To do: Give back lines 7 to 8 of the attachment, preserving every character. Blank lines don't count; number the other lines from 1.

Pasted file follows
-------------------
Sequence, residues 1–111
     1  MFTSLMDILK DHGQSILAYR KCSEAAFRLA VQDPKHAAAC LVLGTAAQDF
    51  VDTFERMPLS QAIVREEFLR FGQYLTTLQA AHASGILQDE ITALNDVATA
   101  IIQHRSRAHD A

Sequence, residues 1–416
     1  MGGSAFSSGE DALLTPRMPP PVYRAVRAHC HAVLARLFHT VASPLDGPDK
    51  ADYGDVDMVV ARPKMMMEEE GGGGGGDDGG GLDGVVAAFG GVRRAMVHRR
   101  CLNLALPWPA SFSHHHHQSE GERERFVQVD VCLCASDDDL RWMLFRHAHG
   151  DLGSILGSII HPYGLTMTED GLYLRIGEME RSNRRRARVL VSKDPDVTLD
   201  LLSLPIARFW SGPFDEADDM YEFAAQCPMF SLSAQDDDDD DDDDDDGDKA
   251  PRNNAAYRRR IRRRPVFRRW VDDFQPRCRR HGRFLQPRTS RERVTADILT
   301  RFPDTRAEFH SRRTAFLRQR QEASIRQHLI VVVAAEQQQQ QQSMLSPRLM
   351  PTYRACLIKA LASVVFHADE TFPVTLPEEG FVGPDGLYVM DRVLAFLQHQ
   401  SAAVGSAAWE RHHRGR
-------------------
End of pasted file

    51  ADYGDVDMVV ARPKMMMEEE GGGGGGDDGG GLDGVVAAFG GVRRAMVHRR
   101  CLNLALPWPA SFSHHHHQSE GERERFVQVD VCLCASDDDL RWMLFRHAHG